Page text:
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Multicultural ministry director steps down

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Corinne Monogue, director of the diocesan Office of Multicultural Ministries, is wrapping up her more than 13-year stint with the diocese May 31. Her husband is taking on a new work position near San Francisco, but Monogue looks forward to staying plugged in to events hosted by various Catholic communities throughout the diocese. 

“I will be immersed in as much cultural diversity events as a lay faithful whenever I’m back in the area. My daughter still lives here, and I will be visiting often. I have so much love for this diocese,” Monogue said. 

In 2005, her husband — realizing that Corinne was getting restless as a stay-at-home mom — submitted her resume for a job in the nascent diocesan Office of Multicultural Ministries. 

“My husband called that one right, even though he did it without my knowledge,” Monogue said. “He knew that I had a passion for immersing myself into cultures I am unfamiliar with.”

As a military spouse, she had moved 13 times prior to working for the diocese, holding positions such as a Catholic school teacher, a docent at the Montgomery Museum of Fine Arts in Montgomery, Ala., and a public relations consultant. Accustomed to an itinerant way of living, on the weekends her work calls her to organize or attend multicultural events at numerous parishes.

“Over my time here, this office has exploded. We went from working with just a handful of diversities to working with more than 20 different cultural diversities,” Monogue said. “We are recognized and acknowledged as a center of welcome, outreach and pastoral care for anyone worshipping in the diocese whose cultural diversity isn’t part of the larger majority.”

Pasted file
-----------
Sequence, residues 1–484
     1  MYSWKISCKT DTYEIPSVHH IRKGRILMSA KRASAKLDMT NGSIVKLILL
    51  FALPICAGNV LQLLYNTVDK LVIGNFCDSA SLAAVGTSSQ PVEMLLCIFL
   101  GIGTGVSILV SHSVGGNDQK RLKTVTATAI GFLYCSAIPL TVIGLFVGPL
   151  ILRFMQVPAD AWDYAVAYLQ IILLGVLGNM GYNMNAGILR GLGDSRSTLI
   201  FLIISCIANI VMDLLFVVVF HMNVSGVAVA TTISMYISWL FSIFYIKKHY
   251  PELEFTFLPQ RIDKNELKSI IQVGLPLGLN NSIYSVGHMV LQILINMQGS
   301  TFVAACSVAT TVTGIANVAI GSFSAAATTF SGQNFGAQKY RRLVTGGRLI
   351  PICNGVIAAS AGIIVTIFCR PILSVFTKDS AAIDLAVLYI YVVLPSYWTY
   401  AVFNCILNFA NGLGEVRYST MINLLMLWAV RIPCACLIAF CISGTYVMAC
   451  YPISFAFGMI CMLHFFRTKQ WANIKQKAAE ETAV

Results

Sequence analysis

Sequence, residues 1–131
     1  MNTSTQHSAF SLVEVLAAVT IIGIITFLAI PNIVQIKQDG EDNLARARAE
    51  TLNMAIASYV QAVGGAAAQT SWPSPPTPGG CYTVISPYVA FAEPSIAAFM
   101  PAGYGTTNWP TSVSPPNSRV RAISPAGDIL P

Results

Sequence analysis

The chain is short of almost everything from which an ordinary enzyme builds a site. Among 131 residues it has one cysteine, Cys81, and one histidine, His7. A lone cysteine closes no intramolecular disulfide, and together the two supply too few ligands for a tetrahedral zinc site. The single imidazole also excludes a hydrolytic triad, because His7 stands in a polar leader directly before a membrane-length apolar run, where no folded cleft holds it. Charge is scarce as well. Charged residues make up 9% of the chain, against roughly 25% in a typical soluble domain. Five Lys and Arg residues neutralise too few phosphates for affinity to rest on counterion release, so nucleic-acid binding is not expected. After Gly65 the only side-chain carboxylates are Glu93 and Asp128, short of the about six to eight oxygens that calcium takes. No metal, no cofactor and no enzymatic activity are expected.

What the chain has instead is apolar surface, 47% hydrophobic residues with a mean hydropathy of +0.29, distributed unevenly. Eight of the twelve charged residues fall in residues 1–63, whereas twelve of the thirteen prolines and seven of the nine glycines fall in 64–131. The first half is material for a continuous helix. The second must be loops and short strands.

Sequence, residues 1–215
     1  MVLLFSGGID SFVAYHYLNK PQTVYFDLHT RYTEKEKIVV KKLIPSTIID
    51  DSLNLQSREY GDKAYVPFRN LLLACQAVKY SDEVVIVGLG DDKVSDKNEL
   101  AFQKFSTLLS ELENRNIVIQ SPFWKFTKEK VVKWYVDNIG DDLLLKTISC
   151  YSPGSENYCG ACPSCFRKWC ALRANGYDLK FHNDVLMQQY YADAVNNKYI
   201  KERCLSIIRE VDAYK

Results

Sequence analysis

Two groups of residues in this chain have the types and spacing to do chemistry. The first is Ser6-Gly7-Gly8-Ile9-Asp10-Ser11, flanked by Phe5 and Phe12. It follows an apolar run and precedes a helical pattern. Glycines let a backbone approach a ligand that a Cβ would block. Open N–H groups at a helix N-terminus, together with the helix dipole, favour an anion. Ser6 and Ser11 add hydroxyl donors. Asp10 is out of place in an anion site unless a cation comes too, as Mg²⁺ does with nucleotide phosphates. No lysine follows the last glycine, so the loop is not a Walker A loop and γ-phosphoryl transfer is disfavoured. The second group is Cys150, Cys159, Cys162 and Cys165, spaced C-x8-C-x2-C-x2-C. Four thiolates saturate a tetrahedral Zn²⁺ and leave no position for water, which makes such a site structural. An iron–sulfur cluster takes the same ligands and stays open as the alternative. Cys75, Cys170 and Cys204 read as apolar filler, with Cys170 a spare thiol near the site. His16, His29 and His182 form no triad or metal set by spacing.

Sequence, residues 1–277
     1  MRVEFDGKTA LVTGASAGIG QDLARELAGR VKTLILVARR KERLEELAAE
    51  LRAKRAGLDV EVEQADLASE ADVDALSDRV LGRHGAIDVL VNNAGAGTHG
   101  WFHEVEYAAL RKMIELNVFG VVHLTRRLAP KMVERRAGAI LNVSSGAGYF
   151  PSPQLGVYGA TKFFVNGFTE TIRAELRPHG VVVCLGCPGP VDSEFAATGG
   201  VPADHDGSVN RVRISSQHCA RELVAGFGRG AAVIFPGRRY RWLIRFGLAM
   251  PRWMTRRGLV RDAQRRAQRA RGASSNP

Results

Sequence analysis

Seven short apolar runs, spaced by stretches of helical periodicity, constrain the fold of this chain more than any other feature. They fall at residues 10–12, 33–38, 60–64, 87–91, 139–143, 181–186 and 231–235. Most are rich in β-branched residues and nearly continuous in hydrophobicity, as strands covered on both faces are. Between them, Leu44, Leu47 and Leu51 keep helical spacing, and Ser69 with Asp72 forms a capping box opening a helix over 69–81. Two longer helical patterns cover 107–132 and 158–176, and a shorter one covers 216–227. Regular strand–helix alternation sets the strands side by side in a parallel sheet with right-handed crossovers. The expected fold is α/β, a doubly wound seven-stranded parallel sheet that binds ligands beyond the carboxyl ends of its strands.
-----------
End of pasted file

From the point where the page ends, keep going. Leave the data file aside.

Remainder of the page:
Encounters with other Catholics led her to experience diverse expressions of the faith, such as the Filipino tradition of Simbang Gabi, Masses celebrated during the nine days leading up to Christmas. 

“It really took me out of the frenetic holiday mindset and refocused me on the birth of Christ,” Monogue said. 

Another first for her was at a Ghanaian Mass where she discovered a custom of kinship among those born on the same day of the week. She was born on a Tuesday and now she ends her talks at Ghanaian parishes revealing that to shouts of approval from the congregations.

“I am officially a parishioner of Holy Spirit in Annandale, but all the diocesan churches have kind of become my parish,” Monogue said.

Cherished highlights are too many for her to list, but she spoke fondly of building bridges with numerous Catholic communities including the French, Hungarians, Albanians and Native Americans. 

“All of these cultures help us to evangelize and grow. Native American Catholics, for example, have been here since before the founding of our diocese.  When we do our utmost to welcome those who may be on the periphery, we can better see that there really is a place for everyone in our church,” Monogue said. 

Collaboration with Bishop Michael F. Burbidge was also high on her list of memories.

Her last event as director of the diocesan Office of Multicultural Ministries was a listening session on racism at the Cathedral of St. Thomas More in Arlington May 21. The session was in response to the U.S. Conference of Catholic Bishops’ pastoral letter against racism, “Open Wide Our Hearts: The Enduring Call to Love.”

“Working with the bishop has been a remarkable experience. It has been a tremendous joy of mine to work under his guidance and leadership in providing care for the culturally diverse Catholics of our diocese. He is an amazing leader,” Monogue said. 

Bridget Wilson, the former program specialist in the diocesan Office of Multicultural Ministries, has been named Corinne’s successor.

“She does so much. As the program specialist she worked at the grassroots level with communities to really hear of their needs,” Corinne said. “Now, as the new director, she’s going to continue to be that crucial bridge between the diocese, the chancery, the parishes and our Catholic cultural diversities.”

 

© Arlington Catholic Herald 2019